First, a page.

The stock market has been on a roller coaster ride in 2020. First it rose to dizzying new heights. Then it took a breathtaking plunge in March before starting to rebound again.
Most retirement plan investors have kept their bearings and made no changes to their investments this spring. It’s a great time to reassess your investments. It can suggest an asset mix given your circumstances and attitudes.
- In how many years do you plan to take out the money you’re investing?
- If you owned a stock or bond fund that dropped in value quickly, would you sell it―or buy more?
- Are you new to investing, or a seasoned pro?
As a best practice – many would suggest a mix of stock and bond funds targeted to your investment goal and your personality. Of course, you may decide to use a more conservative or a more aggressive mix than the one suggested—and that’s fine.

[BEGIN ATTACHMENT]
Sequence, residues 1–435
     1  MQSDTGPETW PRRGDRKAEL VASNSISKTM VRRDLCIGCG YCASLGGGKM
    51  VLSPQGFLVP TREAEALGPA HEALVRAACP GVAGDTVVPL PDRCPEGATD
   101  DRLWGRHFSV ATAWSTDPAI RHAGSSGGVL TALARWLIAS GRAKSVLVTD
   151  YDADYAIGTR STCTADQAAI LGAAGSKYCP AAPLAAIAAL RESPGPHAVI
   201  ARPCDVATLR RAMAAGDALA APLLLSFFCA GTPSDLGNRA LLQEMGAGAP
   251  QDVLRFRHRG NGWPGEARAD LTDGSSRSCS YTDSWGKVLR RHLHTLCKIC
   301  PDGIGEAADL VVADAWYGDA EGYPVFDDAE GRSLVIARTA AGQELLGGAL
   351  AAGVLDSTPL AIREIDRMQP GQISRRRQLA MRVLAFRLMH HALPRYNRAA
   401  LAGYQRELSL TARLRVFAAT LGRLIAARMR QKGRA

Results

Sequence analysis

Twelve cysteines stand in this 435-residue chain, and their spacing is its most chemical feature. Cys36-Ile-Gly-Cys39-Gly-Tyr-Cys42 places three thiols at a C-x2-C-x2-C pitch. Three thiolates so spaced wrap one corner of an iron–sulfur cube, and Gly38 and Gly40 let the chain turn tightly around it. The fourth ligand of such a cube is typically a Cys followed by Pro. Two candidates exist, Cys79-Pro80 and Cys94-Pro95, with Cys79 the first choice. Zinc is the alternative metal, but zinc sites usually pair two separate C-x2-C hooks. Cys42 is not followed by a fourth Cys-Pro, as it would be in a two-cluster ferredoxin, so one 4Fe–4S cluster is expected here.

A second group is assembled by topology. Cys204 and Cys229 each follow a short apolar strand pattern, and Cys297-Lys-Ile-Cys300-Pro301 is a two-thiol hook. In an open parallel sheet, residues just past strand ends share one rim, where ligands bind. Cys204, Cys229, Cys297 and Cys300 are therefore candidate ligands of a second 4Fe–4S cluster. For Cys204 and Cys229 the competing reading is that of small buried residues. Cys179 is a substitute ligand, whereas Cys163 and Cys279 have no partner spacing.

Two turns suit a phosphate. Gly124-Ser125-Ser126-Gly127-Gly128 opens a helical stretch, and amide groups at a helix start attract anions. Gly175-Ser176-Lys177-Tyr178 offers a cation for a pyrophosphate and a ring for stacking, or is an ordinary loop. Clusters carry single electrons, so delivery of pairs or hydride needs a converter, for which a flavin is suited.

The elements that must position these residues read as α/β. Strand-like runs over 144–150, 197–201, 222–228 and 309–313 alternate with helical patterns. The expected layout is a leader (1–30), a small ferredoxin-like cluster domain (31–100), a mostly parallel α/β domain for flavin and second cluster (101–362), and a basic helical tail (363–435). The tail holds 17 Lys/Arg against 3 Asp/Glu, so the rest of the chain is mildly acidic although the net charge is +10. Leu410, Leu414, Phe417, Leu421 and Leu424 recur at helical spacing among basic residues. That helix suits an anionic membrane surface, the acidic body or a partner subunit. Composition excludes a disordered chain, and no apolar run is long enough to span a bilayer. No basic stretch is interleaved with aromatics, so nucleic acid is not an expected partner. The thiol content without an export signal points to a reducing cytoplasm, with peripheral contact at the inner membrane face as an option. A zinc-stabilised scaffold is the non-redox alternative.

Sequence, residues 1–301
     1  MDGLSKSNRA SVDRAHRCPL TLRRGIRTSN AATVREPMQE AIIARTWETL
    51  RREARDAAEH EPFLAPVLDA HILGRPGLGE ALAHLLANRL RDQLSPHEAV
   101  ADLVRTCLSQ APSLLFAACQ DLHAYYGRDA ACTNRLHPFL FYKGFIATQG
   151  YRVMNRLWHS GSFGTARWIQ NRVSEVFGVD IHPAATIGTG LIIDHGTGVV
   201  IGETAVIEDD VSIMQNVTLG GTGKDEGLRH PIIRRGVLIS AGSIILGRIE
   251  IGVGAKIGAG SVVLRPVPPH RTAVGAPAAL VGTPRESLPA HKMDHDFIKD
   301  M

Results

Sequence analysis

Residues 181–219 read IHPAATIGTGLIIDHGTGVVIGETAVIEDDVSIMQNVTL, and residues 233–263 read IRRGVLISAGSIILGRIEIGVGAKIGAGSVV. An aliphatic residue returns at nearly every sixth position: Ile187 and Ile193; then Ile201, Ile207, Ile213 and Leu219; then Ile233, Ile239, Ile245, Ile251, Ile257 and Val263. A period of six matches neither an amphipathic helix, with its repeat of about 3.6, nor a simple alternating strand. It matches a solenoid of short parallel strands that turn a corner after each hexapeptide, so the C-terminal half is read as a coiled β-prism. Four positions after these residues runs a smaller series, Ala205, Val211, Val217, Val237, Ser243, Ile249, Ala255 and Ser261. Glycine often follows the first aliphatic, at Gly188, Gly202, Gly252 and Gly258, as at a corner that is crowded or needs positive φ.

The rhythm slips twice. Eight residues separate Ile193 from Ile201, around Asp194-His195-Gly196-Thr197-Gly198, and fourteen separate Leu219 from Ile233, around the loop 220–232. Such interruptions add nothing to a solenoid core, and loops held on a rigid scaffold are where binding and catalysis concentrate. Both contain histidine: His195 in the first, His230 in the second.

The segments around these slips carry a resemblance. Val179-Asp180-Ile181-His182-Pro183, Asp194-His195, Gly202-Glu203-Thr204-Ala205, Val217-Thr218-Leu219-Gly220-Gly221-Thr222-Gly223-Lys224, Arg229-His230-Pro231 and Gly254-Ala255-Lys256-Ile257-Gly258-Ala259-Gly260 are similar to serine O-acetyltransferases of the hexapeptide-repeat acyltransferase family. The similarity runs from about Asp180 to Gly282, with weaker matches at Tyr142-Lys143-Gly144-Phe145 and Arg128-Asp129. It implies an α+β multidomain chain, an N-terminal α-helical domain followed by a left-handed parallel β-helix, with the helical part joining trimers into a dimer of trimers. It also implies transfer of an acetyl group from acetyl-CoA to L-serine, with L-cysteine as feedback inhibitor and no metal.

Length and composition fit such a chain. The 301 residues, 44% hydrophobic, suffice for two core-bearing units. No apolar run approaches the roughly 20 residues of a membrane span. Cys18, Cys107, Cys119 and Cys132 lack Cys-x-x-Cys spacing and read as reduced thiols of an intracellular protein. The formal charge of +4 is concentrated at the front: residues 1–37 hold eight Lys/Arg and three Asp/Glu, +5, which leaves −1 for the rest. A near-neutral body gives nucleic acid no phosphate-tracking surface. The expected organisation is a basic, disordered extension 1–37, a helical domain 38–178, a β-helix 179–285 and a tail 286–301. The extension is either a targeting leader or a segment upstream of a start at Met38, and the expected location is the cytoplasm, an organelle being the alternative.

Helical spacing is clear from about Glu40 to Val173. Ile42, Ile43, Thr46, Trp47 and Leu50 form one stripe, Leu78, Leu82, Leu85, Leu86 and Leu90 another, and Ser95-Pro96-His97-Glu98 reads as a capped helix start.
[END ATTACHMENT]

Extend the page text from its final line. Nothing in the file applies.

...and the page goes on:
Stocks are generally riskier investments, but provide the greatest potential for long-term growth. Bonds are generally more stable, but don’t offer the potential for long-term gains as stocks do. You’ll want to find a balance of the two that you’d be comfortable owning over the long run, come what may.
As an investor, your risk tolerance can be hard to measure in the abstract. When the stock market offers gains year after year, you may not feel like you’re being too aggressive. But when the market dropped sharply, were you tempted to sell?
Having a better appreciation of real investment risks—and developing a long-term strategy based on them—may benefit you in good times, and help you weather the storm when market conditions are more challenging.
Whenever you invest, there’s a chance you could lose the money. Bond funds are made up of IOUs, primarily from companies or governments. These funds risk losing value if the debt isn’t repaid on time. Also, bond prices can drop when interest rates rise or the issuer’s reputation suffers.